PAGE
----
When the Deputy Prime Minister, Dato’ Seri Wan Azizah proposed a midnight curfew for teenagers below 18, various responses were received. While some applauded the effort, quite a number of backlashes were also received. Some of the disagreement must be appreciated and considered when defining the methodology of the curfew, especially when the critical comments came from the viewpoint of teenagers originating from low income or unfortunate families that have a totally different life schedule and life support than any average “luckier” teenager. However, quite a number of the other backlashes were simply mere arguments that lacked substances.
Analyzing the various responses to the midnight curfew proposal highlights the very fact that our society have contradicting demands. And this contradicting demands are also obvious in many other cases.
Take the recent banning of smoking in food premises by the Health Minister as an example. Numerous scientific studies have proven the danger of smokes for both smoker and secondary smoker. Many Malaysians also support the noble effort as it ensures a safer and cleaner environment for the rest of the society especially for children in public food premises. Surprisingly, however, we now have 7 individuals- who can’t resist their inner desire to not smoke within 3 meters from public food premises- who are ready to bring this case to court. What are the interests of these 7 individuals?
Another example; we all want our kids to be safe from hideous sexual acts and secured from being victims of rape. Yet, when calls to limit the level of mingling between boys and girls are made, when boys are told to lower their gaze while girls are taught to dress modestly, when tv shows, movies and concerts that are sexually inappropriate are screened, you will find another portion of society rising up to object all these preventive measures. What are in the interest of these people? Do they not share the same concern to protect our children?
The above are just a few examples to explain the contradicting demands of our society. Everybody seems to have their own interest that they want to protect, and by doing so, they become selfish and could not worry less about the larger risk that would be affecting everyone else. Likewise, in the case of implementing midnight curfew to teenagers below 18, no solution would suffice until everyone share the same objective to really protect our future generations.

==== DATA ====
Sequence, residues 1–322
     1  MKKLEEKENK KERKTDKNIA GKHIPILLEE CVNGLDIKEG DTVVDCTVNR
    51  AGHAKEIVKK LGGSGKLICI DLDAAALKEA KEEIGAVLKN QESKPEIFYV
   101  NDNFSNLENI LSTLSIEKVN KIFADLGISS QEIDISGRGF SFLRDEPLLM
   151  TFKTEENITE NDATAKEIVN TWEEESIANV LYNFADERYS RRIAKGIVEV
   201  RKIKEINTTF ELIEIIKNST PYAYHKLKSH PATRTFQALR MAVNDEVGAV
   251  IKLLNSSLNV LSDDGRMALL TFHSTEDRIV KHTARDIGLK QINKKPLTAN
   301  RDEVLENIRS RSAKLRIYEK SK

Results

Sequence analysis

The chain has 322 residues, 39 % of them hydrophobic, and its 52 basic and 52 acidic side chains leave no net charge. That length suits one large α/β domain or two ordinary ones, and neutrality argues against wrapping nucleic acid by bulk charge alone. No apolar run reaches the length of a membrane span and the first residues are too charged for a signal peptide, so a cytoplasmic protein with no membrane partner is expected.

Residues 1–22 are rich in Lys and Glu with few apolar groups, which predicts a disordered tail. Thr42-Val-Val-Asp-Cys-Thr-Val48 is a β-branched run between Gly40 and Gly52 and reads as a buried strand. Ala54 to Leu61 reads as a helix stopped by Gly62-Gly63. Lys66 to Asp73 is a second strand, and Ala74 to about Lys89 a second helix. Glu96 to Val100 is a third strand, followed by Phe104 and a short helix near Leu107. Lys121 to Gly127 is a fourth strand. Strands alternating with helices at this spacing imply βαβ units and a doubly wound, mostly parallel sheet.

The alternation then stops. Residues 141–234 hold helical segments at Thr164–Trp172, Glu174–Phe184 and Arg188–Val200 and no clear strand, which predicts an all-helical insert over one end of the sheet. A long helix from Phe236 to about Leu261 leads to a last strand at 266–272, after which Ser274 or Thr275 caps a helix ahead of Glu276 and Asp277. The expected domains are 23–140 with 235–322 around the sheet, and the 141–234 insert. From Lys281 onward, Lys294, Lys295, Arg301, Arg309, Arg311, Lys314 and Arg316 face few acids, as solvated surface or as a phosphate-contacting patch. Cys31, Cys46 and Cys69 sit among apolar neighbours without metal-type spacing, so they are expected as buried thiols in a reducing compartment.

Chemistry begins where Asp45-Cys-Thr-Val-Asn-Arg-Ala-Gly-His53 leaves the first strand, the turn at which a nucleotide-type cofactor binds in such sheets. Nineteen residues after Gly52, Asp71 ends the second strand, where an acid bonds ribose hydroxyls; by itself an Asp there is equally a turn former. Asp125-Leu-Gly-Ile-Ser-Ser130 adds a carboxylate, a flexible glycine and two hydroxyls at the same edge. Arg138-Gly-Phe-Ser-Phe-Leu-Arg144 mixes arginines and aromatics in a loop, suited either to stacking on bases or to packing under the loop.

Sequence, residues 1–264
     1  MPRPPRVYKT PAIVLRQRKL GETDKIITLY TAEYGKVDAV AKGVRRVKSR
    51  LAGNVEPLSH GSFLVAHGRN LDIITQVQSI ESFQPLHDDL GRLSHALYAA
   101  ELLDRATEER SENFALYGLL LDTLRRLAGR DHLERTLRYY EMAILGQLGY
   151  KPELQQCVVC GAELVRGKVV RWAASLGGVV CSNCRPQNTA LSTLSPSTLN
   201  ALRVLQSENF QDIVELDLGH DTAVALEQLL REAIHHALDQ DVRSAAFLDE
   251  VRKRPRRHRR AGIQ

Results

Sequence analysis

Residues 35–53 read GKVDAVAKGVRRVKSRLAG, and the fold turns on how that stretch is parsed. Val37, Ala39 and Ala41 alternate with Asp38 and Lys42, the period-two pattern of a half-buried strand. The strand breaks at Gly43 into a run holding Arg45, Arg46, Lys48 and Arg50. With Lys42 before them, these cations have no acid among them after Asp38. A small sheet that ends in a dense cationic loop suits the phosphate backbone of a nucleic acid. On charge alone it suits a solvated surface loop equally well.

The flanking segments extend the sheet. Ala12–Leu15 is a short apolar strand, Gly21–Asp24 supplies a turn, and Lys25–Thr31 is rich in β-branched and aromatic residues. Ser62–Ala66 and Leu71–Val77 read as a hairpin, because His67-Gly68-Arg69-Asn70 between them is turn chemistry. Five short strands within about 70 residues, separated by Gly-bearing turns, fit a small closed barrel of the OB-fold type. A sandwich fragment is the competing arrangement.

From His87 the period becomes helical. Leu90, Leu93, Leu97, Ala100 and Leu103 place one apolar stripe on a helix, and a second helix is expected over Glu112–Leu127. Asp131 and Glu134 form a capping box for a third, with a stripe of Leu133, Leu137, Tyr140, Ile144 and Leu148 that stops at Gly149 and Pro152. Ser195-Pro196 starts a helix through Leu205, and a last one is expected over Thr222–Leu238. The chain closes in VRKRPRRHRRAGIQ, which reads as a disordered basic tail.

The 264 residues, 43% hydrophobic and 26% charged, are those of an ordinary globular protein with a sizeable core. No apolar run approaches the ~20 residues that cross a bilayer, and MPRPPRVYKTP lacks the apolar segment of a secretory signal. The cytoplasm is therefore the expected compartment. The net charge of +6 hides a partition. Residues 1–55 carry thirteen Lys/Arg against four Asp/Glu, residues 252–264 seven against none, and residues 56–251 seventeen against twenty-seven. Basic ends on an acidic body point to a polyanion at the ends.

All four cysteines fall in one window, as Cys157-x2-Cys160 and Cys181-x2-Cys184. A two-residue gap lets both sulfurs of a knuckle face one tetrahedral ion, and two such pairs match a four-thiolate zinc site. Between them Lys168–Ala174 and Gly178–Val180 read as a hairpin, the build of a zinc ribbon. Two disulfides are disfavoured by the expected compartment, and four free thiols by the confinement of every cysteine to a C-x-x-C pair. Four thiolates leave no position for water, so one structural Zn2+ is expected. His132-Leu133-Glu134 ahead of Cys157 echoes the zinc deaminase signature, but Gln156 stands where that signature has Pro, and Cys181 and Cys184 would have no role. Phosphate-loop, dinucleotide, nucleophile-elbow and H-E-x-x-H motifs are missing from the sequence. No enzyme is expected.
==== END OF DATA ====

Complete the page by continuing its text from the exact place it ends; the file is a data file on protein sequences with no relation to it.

And that is what missing in our society today that is hindering us from moving forward; the same secret ingredient that was key to the uprising of any nations in this world – shared, highly respectable, modest and civilized values. The practice of democracy in this country makes it even more important to reach a consensus on these shared values; because if the majority does not share these values, then the future of our nation is at stake.
Cigarettes and drugs are bad for your health and should be banned – this should be our shared value that we uphold as a society. Pornography, be it soft or hard is bad for the society – this should be our shared value that we uphold as a society. Children are our future generation that we should protect and groom to be bright responsible future leaders – this should be our shared value that we uphold as a society.
Alas, what we once thought was common sense and straight forward is no longer common in the liberalized world today. Faking degrees is no longer considered unethical. Bribery and cheating can easily slipped through for as long as you are doing something else that is ‘noble’ for the people. Bizarre ‘psychotic’ ideologies are being proposed and promoted from day to day and labelled progressive while those who chose to stick with the normal, standard and civilized values are labelled fundamentalist, outdated and even to some extend, extreme.
Our nation and society will continue to be in the mess it is today, for as long as we allow this craziness to continue. The solution for the social issues, and raising drug problems with our younger generation will never be solved. We decide what we want to happen to them. It is high time that we as the citizens of Malaysia hold on to shared values in the interest of our future generation and push aside alien ideologies that will hinder us from moving forward as a nation.
Hanan binti Othman
Exco of The International Women’s Alliance for Family Institution and Quality Education (WAFIQ) and also Activist of Isma Kuala Lumpur